Why am I not convinced? Because every time this subject comes up, the paper purporting to show that antibiotics are superior or even equal to surgical treatment is flawed. The trend continues with the current paper du jour which appears online in the Journal of the American College of Surgeons.
This study looked at the records of over 231,000 patients with uncomplicated appendicitis during the years 1997 to 2008. Only 3236 (1.5%) of those patients were treated non-operatively, and 10.3% of them had either a failure of antibiotic treatment or a recurrence of appendicitis during follow-up with 3% of those having perforations. Mortality rates were very low (appendectomy 0.1%, antibiotics 0.3%) and not significantly different, and hospital charges were similar in the groups matched with propensity scoring. Length of stay was significantly longer for those treated with antibiotics 3.2 days vs. 2.1 days, p < 0.001.
Sounds great, right?
I will not go into detail about the some of the important problems with this paper such as the fact that before the statistical manipulation with propensity scoring, the baseline characteristics of the patients in both groups were significantly different in all but one category. In table 1 of the paper, the number of patients available for follow-up was exactly the same as the number entering the study. That means that not a single patient was lost to follow-up, which is hard to believe since people occasionally move out of state. The reasons that patients did not undergo appendectomy could not be determined from the administrative database used.
Here are the key issues.
The paper was based on discharge diagnoses. Even with the use of CT scans for diagnosis, some cases of what seem to be simple appendicitis turn out to be more extensive at surgery. Had these patients been treated with antibiotics, the results would have been disastrous. And as a paper from the UK reported, administrative databases are notoriously unreliable for use in clinical studies.
The biggest problem with the paper touting antibiotics for appendicitis is that it includes patients over the course of the 11 years from 1997 to 2008. During that time and continuing to the present, the surgical technique of appendectomy has evolved.
If you look at the same database used by the authors (California Office of Statewide Health Planning and Development Patient Discharge), you will find that in 1999, appendectomies were done laparoscopically in 7574 of 36,740 cases or 21% of the time. Fast-forward to 2012, and note the converse—laparoscopic appendectomy was performed in 35,393 (79%) of 44,582 appendectomies.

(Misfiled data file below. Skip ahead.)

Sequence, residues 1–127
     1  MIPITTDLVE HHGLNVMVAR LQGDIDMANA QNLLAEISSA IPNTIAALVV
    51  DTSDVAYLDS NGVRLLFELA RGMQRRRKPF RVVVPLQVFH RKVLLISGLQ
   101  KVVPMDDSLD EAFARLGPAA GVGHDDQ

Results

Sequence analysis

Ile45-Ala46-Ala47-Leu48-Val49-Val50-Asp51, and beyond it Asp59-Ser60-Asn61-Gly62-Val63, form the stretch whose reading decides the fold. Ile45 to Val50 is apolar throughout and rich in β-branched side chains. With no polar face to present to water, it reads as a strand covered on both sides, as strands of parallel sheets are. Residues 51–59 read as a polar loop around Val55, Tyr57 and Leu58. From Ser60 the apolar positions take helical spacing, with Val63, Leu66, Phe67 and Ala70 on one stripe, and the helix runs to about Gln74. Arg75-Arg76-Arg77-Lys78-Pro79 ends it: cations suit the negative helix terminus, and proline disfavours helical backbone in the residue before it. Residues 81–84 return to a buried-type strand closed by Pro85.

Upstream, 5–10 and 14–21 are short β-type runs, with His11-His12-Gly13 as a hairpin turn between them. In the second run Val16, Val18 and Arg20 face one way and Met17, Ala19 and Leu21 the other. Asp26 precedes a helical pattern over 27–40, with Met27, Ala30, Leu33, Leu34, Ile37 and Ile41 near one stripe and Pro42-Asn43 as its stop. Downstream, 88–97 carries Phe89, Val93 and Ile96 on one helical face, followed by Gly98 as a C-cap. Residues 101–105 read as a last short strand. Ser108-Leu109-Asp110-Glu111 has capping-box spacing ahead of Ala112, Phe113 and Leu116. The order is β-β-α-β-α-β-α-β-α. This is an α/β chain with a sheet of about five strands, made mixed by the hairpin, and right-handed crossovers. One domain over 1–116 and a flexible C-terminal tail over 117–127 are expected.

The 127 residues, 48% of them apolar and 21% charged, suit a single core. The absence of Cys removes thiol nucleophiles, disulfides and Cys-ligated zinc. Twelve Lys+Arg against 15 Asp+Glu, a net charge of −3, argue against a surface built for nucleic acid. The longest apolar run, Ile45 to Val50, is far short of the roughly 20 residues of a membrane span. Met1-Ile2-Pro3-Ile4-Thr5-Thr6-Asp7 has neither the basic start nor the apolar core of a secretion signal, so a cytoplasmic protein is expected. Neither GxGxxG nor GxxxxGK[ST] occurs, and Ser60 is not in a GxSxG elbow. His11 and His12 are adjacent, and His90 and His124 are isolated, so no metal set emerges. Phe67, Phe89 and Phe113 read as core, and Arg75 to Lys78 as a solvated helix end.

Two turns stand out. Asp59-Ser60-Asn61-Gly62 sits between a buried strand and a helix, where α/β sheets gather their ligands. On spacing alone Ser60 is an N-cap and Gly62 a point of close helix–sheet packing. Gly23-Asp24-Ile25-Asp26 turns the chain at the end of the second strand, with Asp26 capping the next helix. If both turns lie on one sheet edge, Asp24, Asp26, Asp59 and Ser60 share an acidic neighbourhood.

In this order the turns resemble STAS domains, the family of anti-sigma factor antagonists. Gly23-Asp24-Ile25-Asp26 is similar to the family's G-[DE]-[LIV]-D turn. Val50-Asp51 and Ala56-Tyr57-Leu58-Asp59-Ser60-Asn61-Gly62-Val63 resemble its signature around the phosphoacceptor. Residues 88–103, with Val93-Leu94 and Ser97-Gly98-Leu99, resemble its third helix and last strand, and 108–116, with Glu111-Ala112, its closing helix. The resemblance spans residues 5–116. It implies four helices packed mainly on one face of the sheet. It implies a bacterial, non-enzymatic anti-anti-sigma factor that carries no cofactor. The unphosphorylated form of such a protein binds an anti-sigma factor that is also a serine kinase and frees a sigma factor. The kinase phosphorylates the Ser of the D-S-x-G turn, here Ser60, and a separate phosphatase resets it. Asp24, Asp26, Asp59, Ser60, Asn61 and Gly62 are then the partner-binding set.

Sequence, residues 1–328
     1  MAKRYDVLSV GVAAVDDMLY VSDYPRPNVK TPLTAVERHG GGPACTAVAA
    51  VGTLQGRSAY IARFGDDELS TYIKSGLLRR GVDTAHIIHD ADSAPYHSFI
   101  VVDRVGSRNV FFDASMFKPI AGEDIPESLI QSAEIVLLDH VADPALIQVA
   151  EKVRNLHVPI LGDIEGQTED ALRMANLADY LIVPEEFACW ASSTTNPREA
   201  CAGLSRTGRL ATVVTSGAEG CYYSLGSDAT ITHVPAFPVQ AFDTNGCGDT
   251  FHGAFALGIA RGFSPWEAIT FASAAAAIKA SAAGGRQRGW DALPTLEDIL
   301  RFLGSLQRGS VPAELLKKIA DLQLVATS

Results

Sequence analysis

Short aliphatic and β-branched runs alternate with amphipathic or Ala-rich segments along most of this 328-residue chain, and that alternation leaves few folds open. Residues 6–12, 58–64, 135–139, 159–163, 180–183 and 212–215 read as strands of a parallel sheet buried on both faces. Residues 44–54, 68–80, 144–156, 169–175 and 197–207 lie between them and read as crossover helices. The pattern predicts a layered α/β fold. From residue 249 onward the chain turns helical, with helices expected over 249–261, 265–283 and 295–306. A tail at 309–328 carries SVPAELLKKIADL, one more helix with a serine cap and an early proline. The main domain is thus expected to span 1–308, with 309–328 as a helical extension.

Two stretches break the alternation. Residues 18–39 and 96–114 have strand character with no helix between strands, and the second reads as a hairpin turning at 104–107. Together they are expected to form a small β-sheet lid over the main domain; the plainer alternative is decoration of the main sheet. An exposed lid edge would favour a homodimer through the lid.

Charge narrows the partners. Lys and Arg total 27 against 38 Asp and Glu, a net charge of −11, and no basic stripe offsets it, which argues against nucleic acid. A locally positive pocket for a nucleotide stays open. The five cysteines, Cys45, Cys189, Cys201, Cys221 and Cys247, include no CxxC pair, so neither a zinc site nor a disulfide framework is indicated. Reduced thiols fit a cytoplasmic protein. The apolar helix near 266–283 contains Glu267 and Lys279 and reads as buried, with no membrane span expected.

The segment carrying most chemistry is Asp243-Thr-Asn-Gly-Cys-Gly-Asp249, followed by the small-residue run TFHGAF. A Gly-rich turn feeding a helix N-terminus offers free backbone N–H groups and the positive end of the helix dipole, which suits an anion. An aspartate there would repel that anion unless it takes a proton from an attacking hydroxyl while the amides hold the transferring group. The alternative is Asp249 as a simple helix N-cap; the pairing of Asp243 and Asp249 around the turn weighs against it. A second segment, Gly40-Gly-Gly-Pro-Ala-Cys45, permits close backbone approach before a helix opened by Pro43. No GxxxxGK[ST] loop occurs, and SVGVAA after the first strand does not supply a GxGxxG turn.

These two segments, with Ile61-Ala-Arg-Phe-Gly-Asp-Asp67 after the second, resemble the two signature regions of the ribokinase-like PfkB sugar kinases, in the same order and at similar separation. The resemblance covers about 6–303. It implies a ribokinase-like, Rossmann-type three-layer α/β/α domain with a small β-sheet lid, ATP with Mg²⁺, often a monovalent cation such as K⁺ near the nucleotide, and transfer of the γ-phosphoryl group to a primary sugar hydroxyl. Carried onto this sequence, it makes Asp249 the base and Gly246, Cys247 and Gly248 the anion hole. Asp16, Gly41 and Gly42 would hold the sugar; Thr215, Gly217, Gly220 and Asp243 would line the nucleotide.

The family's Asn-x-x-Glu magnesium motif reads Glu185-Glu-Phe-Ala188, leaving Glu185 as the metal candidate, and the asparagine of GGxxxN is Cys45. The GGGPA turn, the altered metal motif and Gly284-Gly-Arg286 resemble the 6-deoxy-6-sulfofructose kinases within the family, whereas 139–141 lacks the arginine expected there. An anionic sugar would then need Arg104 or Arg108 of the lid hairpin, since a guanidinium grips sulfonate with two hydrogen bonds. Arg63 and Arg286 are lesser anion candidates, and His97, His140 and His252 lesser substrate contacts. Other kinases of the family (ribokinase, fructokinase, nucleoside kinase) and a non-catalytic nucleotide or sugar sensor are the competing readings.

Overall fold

Why is this important? The average length of stay for laparoscopic appendectomy for simple appendicitis is one day or fewer. This is less than half of the time stated in the comparison with antibiotic treatment.
In the January 2014 issue of the Journal of Trauma, a study reported 345 patients who had a laparoscopic appendectomy for uncomplicated appendicitis. Of those patients, 305 (88%) were discharged home from the post anesthesia care unit. The average time from admission to operation was five hours, and the average time spent in the PACU was just under 3 hours. The reasons that the 40 (12%) patients were admitted were lack of transportation in 19, pre-existing comorbidities in 15, and postoperative morbidity in 6. Only 4 of the patients who were discharged directly from the PACU required readmission. Thus, total complications (postop morbidity plus readmission) numbered 10 (2.8%).
Treating appendicitis with antibiotics also exposes patients to the risks of C. difficile colitis and other side effects of the drugs. The complications associated with laparoscopic appendectomy for simple appendicitis are few, and more importantly, the appendix is gone forever.
The authors concluded: "While the rate of treatment failure was 5.9% in non-operative patients, it was only 0.1% in operative patients. With concerns over controlling 30-day readmission and rising healthcare costs, these shortcomings may be substantial barriers to the consideration of non-operative approaches."
A randomized trial of antibiotics vs. surgery for uncomplicated appendicitis is underway in Finland. Judging from the wording of the abstract describing the trial, the authors are markedly biased toward the use of antibiotics. Despite this, let's hope it sheds some much needed light on this subject.
I don't understand why investigators, especially surgeons, continue to push antibiotics as an alternative to appendectomy. For simple appendicitis, laparoscopic surgery is quick, safe, and definitive.